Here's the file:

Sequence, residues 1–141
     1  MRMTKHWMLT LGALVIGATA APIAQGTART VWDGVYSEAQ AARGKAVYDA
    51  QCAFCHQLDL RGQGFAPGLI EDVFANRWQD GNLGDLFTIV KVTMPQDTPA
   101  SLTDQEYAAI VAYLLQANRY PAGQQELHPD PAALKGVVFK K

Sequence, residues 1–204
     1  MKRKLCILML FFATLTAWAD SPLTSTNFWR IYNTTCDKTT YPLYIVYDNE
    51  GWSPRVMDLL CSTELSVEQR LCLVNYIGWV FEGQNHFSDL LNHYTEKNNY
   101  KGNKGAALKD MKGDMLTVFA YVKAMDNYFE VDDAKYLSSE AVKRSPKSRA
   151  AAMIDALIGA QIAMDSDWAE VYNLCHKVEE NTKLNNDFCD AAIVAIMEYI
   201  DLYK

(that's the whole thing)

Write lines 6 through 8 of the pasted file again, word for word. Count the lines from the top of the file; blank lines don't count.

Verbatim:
     1  MKRKLCILML FFATLTAWAD SPLTSTNFWR IYNTTCDKTT YPLYIVYDNE
    51  GWSPRVMDLL CSTELSVEQR LCLVNYIGWV FEGQNHFSDL LNHYTEKNNY
   101  KGNKGAALKD MKGDMLTVFA YVKAMDNYFE VDDAKYLSSE AVKRSPKSRA